Monday, June 05, 2006

We Are Not A Fan: Heat Inspired Movie Going

This weekend, life in our anonymous California coastal town was downright unpleasant! As the days progressed, our homes became ovens. Most of the homes in this area do not have air conditioning, as the coast can be cold. On Saturday, we sweated profusely as we watched the French Open on TV. Watched. Not played. Finally, we went outside where it was a bit cooler. Determined not to suffer through that again on Sunday, we decided to see a movie in an air conditioned theater. Of the films that would work with our schedule, we had to decide between Over the Hedge and The Da Vinci Code. Seeing as how we were not in the mood for children or small woodland animals, Over the Hedge was definitely out of the question. So we bit the bullet and jumped into The Da Vinci Code.

Having NOT read the book and having grown up Catholic, the Mister Fanboy staff had only a basic idea of what to expect with the story. Sure there were naysayers but who the hell cares what they think. I mean, these are the same people who think that K-Fed is bad for Brittney. Tom Hanks is okay and fluctuates in and out of an indescribable American accent. Audrey Tautou, the French actress who starred in Amelie, did an adequate job. Jean Reno was miscast. Ian McKellen stole the show, but was as almost over-the-top as he was as Magneto. Paul Bettany as the albino assassin monk seemed trite. And Alfred Molina as the Opus Dei bishop was barely used. Even though the acting was pretty much subpar and the history was fanciful and not really rooted in well established academics, we were able to turn a blind eye - until the last 5 minutes.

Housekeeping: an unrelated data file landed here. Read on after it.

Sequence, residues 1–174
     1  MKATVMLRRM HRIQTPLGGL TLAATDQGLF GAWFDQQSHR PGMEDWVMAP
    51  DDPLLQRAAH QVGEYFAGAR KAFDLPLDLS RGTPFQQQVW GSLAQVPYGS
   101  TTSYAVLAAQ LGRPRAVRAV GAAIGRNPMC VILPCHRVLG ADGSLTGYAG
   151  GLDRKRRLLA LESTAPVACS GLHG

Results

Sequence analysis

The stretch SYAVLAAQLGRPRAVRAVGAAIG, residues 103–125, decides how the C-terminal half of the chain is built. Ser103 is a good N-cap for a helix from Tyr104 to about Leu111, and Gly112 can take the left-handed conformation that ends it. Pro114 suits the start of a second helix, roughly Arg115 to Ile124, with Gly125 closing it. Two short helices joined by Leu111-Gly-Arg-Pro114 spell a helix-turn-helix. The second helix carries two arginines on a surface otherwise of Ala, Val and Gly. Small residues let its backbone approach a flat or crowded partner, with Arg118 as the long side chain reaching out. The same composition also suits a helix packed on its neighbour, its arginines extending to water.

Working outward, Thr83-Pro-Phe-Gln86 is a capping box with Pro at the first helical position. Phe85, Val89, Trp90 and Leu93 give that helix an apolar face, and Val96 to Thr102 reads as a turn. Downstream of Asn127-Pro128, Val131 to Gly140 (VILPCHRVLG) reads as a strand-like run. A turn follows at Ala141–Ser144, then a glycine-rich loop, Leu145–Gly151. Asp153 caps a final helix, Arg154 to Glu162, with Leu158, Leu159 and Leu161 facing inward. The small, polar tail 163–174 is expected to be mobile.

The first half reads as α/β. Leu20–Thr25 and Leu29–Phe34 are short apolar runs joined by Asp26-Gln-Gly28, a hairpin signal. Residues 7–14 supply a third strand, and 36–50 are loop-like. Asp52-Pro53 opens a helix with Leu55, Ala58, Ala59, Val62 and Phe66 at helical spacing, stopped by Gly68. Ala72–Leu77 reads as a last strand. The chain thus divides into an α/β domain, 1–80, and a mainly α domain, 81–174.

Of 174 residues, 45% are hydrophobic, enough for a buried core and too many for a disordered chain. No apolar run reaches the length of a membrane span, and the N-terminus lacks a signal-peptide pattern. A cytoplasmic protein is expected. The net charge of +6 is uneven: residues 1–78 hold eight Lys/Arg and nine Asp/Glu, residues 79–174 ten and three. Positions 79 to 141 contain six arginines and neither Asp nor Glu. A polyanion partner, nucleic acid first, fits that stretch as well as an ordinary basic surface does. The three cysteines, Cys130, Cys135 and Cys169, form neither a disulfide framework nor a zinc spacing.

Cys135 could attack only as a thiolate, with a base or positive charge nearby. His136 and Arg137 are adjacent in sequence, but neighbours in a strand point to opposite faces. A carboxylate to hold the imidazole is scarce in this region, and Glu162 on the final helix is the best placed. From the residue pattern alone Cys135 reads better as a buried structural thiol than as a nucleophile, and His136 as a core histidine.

What happened then? Can't really say. Probably so much disbelief that acted like straw that broke the camel's back. In the very end, Tom Hanks looks for the tomb of Mary Magdalene. Where does he find it. Under the I.M. Pei Pyramid that was an addition to the Louvre. Are we to believe that when they built that addition, they managed to NOT disturb a 2000 year old grave site? Further, the clues that led him there, purported to be centuries old, led him to a pyramid, blah, blah, blah. In the now-cancelled TV series Alias, when they pulled the historical bullshit, at least they could pin it all on Rimbaldi, a centuries old Nostradamus type. Not so here. And then, to add insult to injury, visually, they imply that the Alexander Calder mobile hanging inside the pyramid (which is set above a gallery), points to the tomb. Again, an early 20th century artist. At that point, I got pissed at the filmmakers for assuming I was an idiot. Yeah, I know it's fiction, but hell, any comic book issue is more believable than that B.S.

So the moral of the story is, never see a movie just to be in air conditioning. I should have just gone to the library and watched a DVD on my laptop.


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